At face value, building muscle seems like a simple process. Just pick things up and put them down, right?
While that simplicity works great for beginners, seeing continued progress requires a smarter strategy. Avoid the following common mistakes to ensure you keep making gains.
1. Focusing Only On Your ‘Dream Body’
Not only does this mistake apply to people who want to build muscle, but to pretty much anyone who works out (and eats healthy) in order to achieve some sort of goal physique.
Regardless of what your goal looks like, constantly comparing your current physique to your ‘dream body’ can ultimately just get in your way. I’m not saying you shouldn’t set goals; having something to aspire to can absolutely support your progress. However, sizing yourself up against your ideal too often stresses you out—and backfires on your training and healthy eating efforts.
Follow fitness models on Instagram for motivation? Their posts aren’t actually motivating if they make you feel crummy about yourself. (Plus, loads of fitness photos are Photoshopped—and thus truly unattainable.) If any of this resonates, you’ve got some unfollowing to do.
Instead, find motivation by comparing your current progress photos to those from a few months, or even years, ago. Seeing how much progress you’ve already made is much more motivating than looking at how far you still have to go!
Keep your focus on your progress and it will be much easier to continue pushing forward.
2. Doing The Same Workouts For Too Long
I see this training mistake all the time. Do you always walk into the gym and do the same workout on leg day, back day, chest day, and so on? Loads of people do—but a lack of variety in your training will eventually lead to stalled gains.
We refer to this as the Biological Law of Accommodation, which states that the adaptation (a.k.a. gains) to a stimulus (a.k.a. your go-to leg day workout) slow and eventually stop if the stimulus is constantly presented.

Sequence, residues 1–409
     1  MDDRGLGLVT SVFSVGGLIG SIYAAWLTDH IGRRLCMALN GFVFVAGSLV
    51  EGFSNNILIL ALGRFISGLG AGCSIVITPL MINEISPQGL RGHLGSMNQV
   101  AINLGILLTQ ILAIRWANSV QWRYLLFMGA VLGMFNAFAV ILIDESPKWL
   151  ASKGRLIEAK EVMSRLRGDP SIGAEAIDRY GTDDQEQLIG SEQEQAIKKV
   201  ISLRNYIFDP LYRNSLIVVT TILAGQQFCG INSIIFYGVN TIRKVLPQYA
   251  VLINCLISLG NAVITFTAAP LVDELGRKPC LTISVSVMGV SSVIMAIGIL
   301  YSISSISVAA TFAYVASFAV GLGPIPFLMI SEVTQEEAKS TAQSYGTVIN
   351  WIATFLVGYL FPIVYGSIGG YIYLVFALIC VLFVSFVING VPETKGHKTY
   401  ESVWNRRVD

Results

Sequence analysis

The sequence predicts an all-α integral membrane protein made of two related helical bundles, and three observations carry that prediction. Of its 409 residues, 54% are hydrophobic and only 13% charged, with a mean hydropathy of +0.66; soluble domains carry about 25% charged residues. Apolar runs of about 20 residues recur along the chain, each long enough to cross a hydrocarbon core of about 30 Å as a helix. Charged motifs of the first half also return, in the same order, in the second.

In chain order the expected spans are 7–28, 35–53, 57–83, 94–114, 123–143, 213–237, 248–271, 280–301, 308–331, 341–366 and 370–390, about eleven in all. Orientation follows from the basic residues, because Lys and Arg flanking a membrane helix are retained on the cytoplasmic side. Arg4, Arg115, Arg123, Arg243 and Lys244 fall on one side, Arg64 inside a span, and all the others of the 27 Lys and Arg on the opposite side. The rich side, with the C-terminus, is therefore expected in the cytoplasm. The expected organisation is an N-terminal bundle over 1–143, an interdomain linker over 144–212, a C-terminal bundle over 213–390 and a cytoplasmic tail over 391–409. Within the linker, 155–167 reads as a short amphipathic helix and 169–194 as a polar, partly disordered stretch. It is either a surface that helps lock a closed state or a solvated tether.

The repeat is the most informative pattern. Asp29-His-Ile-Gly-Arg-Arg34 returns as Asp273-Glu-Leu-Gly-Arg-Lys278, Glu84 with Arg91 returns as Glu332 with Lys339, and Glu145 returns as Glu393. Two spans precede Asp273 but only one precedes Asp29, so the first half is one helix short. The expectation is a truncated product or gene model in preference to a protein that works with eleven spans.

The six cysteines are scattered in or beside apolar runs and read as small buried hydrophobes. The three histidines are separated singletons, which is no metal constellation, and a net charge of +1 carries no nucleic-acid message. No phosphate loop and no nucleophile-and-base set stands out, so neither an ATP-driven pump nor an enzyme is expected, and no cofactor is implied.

I made this mistake myself back in the day. In high school, I wanted to build massive pecs, so every time I did chest, I worked my way up to 135 pounds on the bench press and tried to get as many reps as I could. It worked for a few months, but eventually, my gains stalled. Why? I wasn’t giving my muscles anything new to adapt to!
Once I switched things up by using dumbbells and incline bench for a month or two, though, my bench press shot up by about 50 pounds.
Don’t get stuck in the same routine. If you can do your usual workouts in your sleep, it’s time for a change.
3. Not Using Periodization
Not only should you regularly switch up your workouts to continue seeing muscle gains, but you should plan the short- and long-term variations in your training program. This process is called periodization.
How do you periodize a training plan for muscle growth? By planning different training volumes for each time you hit a particular muscle group. Let’s say you hit legs four times in a given two-week period. One day, you’d go heavy and perform fewer reps. Two other days, you’d use moderate weight and reps. Then, on the final day, you’d stick to lighter weights and higher reps.
Known as non-linear periodization, this method has been shown to be more effective for promoting muscle size gains than linear periodization (which involves consistently increasing weight and decreasing reps).
Why? Your muscles contain multiple types of muscle fibers—and these different types of muscle fibers respond differently to different types of training. Therefore, a linear program that focuses on increasing weight essentially ignores certain types of muscle fibers. A non-linear program, meanwhile, hits them all. (It’s especially effective for lower-body gains, because those muscles tend to contain a greater mix of fibers than many upper-body muscles.)
Plus, non-linear training also helps your body overcome that Law of Accommodation. You see, the most stressful (a.k.a. gains-inducing) aspect of a training program is its volume. (Volume is the number of sets you do multiplied by the number of reps you do multiplied by the weight used). In non-linear training programs, you constantly alter your workout volume, making every workout more effective. In linear programs, meanwhile, volume stays stagnant as you increase weight but decrease reps.